Key point: Soldiers need to have a high degree of physical fitness. However, not all soldiers perform the same tasks.
When Gen. Dwight D. Eisenhower issued a letter to his troops just before the D-Day landings in Normandy in 1944, he told them, “I have full confidence in your courage, devotion to duty and skill in battle.” He was writing to American troops who had to meet these minimum physical requirements: seven pull-ups, 31 jump squats, 27 push-ups, 52 sit-ups, and a 300-yard sprint in 52.5 seconds. Soldiers — all of them — had to be fit in 1944.
Compare those to contemporary requirements in the U.S. Army, where young male recruits now face a test requiring a minimum of 35 push-ups, 47 sit-ups, and a two-mile run time of 16:36.
In some ways, a shift has already begun, and there has been a reduction in overall fitness requirements. The U.S. military has modernized and transitioned to more mechanization and automation. While the wars in Iraq and Afghanistan have exhibited a continued need for intensive counterinsurgent ground combat, only about 20% of American military personnel have jobs that require a combat role — and thus, “combat fitness.” Such battlefields require “less sweat, more sit.”
Senior leadership is beginning to recognize this.
Years back, Secretary of Defense Ash Carter led the charge to adapt the U.S. military to this new, less industrial warfare. In a 2015 speech, he addressed the heart of the problem: “Fewer young Americans are capable of serving in the military. Of the 21 million Americans aged 17–21, we estimate that only about half are able to meet our high-quality standards on our entry exam.”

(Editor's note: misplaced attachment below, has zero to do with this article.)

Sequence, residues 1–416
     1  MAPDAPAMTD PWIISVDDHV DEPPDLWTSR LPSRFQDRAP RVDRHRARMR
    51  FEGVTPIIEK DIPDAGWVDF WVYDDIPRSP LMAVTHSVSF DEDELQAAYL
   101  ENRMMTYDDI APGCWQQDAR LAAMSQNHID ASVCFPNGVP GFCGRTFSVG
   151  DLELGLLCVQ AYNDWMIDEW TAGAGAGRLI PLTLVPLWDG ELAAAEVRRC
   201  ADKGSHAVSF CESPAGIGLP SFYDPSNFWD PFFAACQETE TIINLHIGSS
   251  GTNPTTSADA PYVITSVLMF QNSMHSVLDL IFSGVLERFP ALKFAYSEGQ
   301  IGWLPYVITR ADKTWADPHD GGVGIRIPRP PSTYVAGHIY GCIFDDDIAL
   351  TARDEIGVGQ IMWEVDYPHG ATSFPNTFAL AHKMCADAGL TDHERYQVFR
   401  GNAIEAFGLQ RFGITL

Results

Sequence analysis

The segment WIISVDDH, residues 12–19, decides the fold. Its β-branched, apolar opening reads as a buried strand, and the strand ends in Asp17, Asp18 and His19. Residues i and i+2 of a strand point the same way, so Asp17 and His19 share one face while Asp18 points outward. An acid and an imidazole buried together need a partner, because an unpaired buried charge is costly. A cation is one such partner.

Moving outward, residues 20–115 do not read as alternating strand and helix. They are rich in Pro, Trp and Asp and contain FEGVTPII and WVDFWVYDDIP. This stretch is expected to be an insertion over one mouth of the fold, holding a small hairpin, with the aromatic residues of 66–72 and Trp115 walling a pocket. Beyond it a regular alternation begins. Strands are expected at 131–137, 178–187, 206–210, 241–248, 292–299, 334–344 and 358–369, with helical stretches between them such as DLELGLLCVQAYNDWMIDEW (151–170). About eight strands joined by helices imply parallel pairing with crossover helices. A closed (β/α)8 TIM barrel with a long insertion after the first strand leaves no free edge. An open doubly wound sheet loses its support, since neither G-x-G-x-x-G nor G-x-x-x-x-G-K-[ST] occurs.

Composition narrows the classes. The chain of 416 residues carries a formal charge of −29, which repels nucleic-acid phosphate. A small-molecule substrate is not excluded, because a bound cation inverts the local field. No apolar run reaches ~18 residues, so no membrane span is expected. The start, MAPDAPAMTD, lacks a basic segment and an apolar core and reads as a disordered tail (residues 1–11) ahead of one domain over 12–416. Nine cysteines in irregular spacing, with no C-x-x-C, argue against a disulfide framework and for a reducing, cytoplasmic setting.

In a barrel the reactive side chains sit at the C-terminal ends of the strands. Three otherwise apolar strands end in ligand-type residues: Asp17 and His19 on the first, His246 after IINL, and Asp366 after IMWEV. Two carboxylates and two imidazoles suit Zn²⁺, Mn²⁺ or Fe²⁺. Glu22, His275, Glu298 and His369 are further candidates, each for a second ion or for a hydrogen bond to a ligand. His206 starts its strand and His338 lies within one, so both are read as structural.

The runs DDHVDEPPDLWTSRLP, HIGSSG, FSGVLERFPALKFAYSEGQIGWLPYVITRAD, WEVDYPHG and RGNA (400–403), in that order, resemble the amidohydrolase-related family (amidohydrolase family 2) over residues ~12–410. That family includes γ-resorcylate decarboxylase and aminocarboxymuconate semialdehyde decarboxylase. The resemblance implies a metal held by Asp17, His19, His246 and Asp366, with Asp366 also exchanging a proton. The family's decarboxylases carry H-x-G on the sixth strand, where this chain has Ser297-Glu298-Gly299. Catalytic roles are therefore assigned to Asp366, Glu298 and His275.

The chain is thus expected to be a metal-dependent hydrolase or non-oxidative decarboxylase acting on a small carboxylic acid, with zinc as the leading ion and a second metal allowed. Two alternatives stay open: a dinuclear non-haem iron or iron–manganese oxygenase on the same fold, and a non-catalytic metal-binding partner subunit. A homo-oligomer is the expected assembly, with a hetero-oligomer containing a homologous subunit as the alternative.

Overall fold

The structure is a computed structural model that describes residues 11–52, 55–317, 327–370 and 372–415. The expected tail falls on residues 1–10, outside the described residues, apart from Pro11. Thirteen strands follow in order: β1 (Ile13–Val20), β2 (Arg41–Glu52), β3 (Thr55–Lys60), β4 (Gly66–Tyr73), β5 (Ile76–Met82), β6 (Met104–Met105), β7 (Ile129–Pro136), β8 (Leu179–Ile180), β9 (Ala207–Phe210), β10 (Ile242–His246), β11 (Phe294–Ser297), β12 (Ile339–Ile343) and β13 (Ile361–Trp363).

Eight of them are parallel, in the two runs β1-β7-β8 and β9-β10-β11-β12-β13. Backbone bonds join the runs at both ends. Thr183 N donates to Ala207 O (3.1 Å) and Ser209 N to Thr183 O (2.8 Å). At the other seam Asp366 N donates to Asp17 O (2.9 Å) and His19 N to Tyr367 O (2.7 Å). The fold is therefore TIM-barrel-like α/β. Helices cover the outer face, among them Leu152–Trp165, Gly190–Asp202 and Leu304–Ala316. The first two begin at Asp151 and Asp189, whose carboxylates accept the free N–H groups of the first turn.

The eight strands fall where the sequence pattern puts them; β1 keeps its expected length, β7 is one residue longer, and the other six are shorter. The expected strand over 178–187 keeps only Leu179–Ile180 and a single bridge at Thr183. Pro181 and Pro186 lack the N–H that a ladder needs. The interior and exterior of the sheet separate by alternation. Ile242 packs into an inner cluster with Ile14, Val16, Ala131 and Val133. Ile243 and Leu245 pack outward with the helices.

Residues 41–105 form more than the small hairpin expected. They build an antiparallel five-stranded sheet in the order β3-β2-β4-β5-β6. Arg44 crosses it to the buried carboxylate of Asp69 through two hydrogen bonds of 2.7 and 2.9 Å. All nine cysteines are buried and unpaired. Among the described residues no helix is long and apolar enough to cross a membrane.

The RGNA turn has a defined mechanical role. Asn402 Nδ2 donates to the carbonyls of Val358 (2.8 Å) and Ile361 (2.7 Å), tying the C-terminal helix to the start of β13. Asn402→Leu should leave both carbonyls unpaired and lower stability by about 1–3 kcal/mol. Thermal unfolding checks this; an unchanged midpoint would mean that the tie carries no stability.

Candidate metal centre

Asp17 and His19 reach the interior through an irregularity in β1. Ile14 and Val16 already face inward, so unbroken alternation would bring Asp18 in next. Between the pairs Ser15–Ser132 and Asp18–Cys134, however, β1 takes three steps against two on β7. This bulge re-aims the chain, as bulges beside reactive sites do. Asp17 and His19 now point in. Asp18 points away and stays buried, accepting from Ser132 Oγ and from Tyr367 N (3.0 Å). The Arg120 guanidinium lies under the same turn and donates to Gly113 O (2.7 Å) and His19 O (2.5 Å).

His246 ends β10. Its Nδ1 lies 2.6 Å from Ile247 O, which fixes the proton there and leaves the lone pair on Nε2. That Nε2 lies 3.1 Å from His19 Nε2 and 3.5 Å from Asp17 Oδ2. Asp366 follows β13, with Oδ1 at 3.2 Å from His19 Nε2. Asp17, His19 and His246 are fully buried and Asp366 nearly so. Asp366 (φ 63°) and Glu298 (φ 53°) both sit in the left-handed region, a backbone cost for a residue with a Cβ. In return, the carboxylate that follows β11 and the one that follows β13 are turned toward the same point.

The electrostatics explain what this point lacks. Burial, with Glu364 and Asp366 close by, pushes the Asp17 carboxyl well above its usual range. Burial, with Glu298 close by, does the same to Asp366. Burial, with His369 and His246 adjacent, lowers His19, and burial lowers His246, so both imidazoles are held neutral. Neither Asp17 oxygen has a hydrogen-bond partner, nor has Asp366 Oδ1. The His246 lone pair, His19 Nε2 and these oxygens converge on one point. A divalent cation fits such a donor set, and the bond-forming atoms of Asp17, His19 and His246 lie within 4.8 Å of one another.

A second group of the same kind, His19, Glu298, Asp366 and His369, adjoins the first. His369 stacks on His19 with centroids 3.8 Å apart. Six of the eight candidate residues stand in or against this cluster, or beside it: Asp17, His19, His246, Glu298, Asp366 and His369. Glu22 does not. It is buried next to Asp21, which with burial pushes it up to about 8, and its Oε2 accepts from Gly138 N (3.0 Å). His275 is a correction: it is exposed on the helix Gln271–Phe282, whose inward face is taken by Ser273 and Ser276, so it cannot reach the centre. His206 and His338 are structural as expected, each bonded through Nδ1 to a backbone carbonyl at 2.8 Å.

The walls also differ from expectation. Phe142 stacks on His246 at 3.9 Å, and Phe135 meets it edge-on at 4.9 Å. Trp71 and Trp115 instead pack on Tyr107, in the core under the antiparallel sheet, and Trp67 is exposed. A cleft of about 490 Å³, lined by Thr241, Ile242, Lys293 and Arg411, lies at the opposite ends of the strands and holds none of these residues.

Factor in physical fitness and character standards, Carter continued, and “only about a third are actually eligible to join the military.” It is promising that Carter is considering the easing of standards (including fitness) for certain high-tech military positions to contend with newly evolving forms of warfare.
This is hardly just an American problem. The Israeli military has begun adapting its force structure to accommodate and integrate some of its citizens with mental and physical disabilities into specialized military jobs. If Israel, a country on permanent alert, has made these changes, they are worth seriously considering here.
Still, many argue that standardized military physical fitness requirements in each service are a prerequisite tradition, and that all should be fit enough for ground combat. Some even contend that physical fitness standards are necessary to control ballooning healthcare costs over the long term, to which a recent report says $50 billion of the annual DoD budget goes.
The problem with such arguments is that they ignore the transition away from industrial-age forms of warfare. Today, most enemies avoid direct combat and are not intimidated by how “professional” a soldier looks in uniform.